The election ended this week when Donald Trump was elected to the highest office in the land. Hillary Clinton received slightly more of the national vote, but Trump won outright in Electoral votes. There have been radically different reactions from the public from nationwide protests of "not my president" to widespread joy. The Republicans also maintained control of both the House and Senate, the first time since 2007. However, now more than ever, as much as our country is divided, it's time to find the common ground and work to improve this nation.

Curious what AllSides, and our friends at Living Room Conversations and the Coffee Party thought of the results? Check out our first ever Facebook Live event from today.

See other news featured by AllSides such as Clinton ConcedesNewspaper Front Pages on Trump WinWhy the Polls Failed and the latest AllSides News.

Snippets from the Right

Trump wins presidency, defeats Clinton in historic election upset

Fox News

"Speaking to cheering supporters early Wednesday morning at his victory party in New York City, the Republican candidate and now president-elect said Clinton called to congratulate him, and Fox News confirms she has conceded. Despite their hard-fought campaign, Trump praised Clinton for her service and said 'it is time for us to come together as one united people.'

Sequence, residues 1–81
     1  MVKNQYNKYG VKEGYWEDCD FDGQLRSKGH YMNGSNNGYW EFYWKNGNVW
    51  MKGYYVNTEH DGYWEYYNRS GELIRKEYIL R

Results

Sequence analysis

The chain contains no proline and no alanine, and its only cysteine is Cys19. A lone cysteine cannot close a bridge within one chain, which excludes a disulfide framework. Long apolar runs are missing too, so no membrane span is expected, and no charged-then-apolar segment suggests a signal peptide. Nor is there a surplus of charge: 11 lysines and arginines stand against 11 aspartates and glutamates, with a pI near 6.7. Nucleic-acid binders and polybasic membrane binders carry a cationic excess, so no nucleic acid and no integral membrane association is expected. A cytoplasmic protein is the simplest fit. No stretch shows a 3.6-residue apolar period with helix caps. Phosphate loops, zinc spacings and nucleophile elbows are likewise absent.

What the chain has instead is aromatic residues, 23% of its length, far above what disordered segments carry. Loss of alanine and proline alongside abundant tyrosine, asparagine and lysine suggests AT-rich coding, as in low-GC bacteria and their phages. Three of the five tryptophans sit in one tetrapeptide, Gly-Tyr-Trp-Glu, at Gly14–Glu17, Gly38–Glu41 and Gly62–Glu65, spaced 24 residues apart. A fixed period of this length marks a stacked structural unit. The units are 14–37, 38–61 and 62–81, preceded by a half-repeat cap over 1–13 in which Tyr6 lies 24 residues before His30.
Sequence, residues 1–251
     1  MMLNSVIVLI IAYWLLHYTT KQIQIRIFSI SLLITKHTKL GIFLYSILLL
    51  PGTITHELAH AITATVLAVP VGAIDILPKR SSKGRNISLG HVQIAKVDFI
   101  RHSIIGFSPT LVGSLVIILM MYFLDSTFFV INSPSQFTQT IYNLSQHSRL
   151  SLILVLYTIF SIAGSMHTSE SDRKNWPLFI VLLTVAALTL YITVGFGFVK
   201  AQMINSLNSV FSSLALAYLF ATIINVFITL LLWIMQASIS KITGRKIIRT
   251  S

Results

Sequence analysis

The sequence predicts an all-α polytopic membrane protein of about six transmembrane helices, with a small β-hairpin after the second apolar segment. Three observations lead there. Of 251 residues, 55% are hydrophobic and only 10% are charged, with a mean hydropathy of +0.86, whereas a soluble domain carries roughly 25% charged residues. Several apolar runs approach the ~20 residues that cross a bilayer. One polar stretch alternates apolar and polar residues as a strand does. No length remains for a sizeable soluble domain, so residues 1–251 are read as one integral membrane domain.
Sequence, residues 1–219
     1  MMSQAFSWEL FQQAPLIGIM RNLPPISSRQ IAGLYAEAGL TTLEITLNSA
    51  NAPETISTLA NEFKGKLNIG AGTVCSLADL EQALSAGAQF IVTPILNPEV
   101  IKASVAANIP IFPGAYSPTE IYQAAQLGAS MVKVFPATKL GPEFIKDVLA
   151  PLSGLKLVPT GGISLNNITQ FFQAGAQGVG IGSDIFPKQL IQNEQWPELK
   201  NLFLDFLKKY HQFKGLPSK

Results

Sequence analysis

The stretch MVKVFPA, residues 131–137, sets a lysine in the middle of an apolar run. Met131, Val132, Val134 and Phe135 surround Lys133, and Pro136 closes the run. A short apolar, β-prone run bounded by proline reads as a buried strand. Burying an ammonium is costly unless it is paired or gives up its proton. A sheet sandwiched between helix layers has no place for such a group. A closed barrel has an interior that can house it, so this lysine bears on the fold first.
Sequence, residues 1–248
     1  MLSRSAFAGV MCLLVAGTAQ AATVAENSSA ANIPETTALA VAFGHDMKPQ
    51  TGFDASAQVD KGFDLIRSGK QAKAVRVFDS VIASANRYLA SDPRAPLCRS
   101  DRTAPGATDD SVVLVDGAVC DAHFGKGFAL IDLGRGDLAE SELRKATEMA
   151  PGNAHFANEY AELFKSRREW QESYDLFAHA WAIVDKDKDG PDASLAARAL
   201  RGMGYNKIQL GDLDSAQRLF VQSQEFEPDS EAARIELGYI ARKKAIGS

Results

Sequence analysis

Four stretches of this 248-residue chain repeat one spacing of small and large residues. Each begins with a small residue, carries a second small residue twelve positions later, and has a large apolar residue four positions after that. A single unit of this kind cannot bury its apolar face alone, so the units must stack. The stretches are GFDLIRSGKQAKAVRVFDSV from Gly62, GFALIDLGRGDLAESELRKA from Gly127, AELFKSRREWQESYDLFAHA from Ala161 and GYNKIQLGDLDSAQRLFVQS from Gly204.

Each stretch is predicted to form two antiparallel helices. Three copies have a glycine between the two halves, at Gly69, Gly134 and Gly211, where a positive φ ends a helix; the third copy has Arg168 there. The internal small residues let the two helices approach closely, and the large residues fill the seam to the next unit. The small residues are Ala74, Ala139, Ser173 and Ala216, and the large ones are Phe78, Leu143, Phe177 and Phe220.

'I will be president for all Americans,' Trump vowed, after a brief introduction by running mate Mike Pence."

Snippets from the Left

Donald Trump's Stunning Upset

The Atlantic

"Trump was carried to victory by a wave of right-wing populist nationalism, as working- and middle-class white Americans turned out in droves to vote for a candidate who had rejected Republican dogma during an erratic, peculiar campaign. Trump overperformed expectations in nearly every public poll, as well as the internal expectations of both parties."

Snippets from the Center 

Trump rides rural rebellion to stunning victory

Christian Science Monitor

"'The polls underestimated two forces – one was voter discontent and the other was Republicans’ loyalty to their party’s nominee despite the ambivalence about Trump expressed by GOP leaders,' says Columbia University political science professor Donald P. Green in an email.

The result will be at least four years of a Washington unified under the direction of one party, holding out the prospect of a sharp swerve in the nation’s direction on such core issues as foreign policy, trade, immigration, health care, and the environment."

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